For students, few parts of the college application process are as daunting as the prospect of taking the SAT and ACT.

As a guidance counselor, you’re likely to field a wide range of questions on the two, so an update on the best ways to prepare is always in order.

To get a serious insider’s point of view, we talked to an SAT/ACT tutor who knows the process as well as anyone: Debbie Stier founded the Perfect Score Project (and wrote a book of the same title) after she spent a year trying to crack the SATs and help her son do the same. Neither ultimately got that perfect score, but she managed to raise hers over 300 points, and her son raised his by 500.

So if you have students who are want or need to conquer the SAT or ACT, share this primer with them.

Pick One Test and Focus on It

Most schools now accept both the SAT and ACT, so unless you find yourself applying to a school that doesn’t take both, your best bet is to choose one test early on and then learn it, live it and take it.

Sign Up for the Official Question of the Day

The Official SAT Question of the Day and the ACT Question of the Day are easy ways to do a little daily prep. The ACT e-mails a new batch of questions each week, while the SAT’s app, Daily Practice for the New SAT, sends a single question each day.

Invest in Only One Book

There are a ton of SAT and ACT prep books, but those most worth buying are the official ones: The Official SAT Study Guide (2018) and The Official ACT Prep Guide (2018). They’re both created by the makers of the standardized tests, and while they won’t provide much in the way of studying strategies, they do offer plenty of real sample tests — something other books can’t offer.

Read One Op-ed Piece a Day

One of the most underrated prep techniques is to commit to reading one op-ed piece each day in a high-quality publication to help with reading comprehension. This could be a column in The New York Times, The Washington Post or The Wall Street Journal, or it could be just about anything in The New Yorker, Arts & Letters Daily or even the Smithsonian. When doing this, you should do two reads — the first to get the gist and the second to understand the structure. To read for structure, look at how the main idea is introduced and how each paragraph supports that main idea, then make notes — two- or three-word phrases about what each paragraph does — in the margins.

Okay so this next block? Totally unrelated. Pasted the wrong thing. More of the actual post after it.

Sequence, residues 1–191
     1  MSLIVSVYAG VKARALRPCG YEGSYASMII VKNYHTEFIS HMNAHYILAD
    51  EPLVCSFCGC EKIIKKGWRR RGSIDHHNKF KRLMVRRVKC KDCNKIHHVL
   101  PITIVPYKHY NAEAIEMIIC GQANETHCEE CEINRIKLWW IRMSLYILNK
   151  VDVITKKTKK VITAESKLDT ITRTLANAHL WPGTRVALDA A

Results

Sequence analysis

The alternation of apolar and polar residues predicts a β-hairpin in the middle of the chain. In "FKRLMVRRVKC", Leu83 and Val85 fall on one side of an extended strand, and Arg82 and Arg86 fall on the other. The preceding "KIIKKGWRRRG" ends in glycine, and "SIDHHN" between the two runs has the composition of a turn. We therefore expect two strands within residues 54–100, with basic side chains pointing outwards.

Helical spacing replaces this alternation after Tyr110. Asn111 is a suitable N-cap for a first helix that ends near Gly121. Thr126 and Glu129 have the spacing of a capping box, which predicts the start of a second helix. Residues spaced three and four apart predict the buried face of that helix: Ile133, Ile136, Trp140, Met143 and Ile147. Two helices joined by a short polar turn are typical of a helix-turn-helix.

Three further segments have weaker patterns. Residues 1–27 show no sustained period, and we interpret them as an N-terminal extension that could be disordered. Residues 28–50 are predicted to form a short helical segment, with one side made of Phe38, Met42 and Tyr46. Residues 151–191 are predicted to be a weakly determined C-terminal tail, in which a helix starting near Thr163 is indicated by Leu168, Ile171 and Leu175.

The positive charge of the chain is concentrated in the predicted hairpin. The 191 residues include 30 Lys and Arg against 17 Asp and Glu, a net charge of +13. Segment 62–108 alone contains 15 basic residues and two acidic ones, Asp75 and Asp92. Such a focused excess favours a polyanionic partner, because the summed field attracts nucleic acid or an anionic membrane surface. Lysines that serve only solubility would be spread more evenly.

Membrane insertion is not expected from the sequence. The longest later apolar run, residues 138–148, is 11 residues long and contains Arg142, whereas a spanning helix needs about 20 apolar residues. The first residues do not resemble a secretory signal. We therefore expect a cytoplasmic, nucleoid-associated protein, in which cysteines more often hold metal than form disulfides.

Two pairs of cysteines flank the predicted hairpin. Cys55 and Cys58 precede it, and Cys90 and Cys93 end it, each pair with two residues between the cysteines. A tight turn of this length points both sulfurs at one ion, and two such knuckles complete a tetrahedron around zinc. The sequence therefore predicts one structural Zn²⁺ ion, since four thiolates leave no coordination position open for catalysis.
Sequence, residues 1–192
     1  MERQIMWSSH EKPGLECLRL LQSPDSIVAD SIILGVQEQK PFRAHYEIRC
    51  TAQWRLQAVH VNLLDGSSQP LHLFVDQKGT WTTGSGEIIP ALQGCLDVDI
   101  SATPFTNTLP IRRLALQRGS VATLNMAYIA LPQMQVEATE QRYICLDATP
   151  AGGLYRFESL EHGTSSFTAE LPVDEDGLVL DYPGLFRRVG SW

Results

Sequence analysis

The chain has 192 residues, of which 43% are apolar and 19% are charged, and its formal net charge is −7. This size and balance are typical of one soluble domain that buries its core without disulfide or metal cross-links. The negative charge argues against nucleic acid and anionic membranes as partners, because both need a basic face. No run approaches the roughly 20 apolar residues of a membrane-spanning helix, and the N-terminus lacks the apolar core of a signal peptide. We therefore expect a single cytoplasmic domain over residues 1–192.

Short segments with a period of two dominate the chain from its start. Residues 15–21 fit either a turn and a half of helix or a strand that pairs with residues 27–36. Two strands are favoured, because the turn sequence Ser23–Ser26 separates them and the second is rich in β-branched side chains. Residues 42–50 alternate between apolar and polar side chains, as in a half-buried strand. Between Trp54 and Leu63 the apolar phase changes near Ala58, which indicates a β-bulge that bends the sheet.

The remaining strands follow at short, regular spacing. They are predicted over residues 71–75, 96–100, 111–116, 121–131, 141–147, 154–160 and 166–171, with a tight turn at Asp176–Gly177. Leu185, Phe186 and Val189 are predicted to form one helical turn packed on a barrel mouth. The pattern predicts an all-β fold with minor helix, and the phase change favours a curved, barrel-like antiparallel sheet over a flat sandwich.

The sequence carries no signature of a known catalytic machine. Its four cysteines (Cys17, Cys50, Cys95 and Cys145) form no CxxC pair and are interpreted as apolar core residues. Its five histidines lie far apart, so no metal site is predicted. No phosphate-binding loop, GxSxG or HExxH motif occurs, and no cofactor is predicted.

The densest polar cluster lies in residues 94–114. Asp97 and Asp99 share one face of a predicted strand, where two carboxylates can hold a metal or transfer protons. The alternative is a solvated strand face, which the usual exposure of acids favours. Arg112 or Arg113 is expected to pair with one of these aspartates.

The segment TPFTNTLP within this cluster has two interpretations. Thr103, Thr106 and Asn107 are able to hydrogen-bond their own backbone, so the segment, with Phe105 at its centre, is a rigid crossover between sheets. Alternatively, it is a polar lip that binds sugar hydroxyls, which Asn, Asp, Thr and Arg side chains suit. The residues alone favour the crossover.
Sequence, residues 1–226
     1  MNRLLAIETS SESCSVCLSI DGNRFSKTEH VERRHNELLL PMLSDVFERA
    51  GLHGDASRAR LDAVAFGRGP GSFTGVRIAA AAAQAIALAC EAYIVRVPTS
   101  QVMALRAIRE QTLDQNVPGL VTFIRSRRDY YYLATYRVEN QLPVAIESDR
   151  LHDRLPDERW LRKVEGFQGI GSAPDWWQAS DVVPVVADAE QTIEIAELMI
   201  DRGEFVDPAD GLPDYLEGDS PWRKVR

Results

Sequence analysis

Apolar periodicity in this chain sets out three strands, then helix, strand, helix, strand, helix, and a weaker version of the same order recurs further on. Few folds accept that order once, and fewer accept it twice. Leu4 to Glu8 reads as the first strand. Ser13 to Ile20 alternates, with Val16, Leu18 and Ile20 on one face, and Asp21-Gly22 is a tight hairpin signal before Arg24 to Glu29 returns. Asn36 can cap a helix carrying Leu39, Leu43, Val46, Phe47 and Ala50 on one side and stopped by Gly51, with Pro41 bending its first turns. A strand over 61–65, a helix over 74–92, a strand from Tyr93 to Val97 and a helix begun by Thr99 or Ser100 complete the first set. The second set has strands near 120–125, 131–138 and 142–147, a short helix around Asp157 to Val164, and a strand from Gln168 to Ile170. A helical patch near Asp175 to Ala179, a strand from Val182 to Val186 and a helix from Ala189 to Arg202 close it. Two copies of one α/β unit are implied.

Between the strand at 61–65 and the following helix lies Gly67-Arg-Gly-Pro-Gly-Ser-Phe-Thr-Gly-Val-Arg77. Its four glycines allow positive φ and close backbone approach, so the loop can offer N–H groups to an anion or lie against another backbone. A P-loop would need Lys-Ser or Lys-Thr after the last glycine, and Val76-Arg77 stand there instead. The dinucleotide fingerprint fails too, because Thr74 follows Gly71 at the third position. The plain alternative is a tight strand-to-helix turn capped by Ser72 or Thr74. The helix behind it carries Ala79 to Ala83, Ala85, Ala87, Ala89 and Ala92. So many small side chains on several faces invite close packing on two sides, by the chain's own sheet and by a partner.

Become a Mathlete at Khan Academy

While there’s no substitute for one-on-one tutoring, Khan Academy’s free SAT Math Solutions videos are a not-so-distant second. They offer explanations that are understandable, even for the least mathletic among us.

Aim to Take 10 Practice Exams

That’s the number most tutors recommend completing — though some insist on 15 — before sitting for either test. Considering the SAT is three hours and 50 minutes and the ACT is two hours and 55 minutes, this is a serious time commitment that may not always be realistic. If that’s the case, three practice exams leave you well on your way to developing a familiarity with either test.

Practice Vocab on a Flash Card App

Trading some social media time for a flash card app is an easy way to add test prep to any day. For the SAT, a good free app is SAT Flashcards, and for the ACT, try ACT Flashcards from Magoosh. You can also create your own cards out of words you missed on practice exams with apps like Cram.

Create Test-Room Conditions When Practicing

While it’s not feasible to replicate everything, you should at least time your practice tests down to each section. Take the timed breaks and use bubble sheets — you can print them out for free here — instead of doing the tests online. After all, that is how you’ll do it on test day.

Review Every Mistake on Practice Tests

When you are done with each practice exam, review everything you got wrong, categorize what types of questions they are (e,g, reading comprehension, triangle questions) and tally each category. Then — and here’s the most important part — go over each one until you understand why it’s wrong. If you get stuck on the why, post your questions on the College Confidential message board.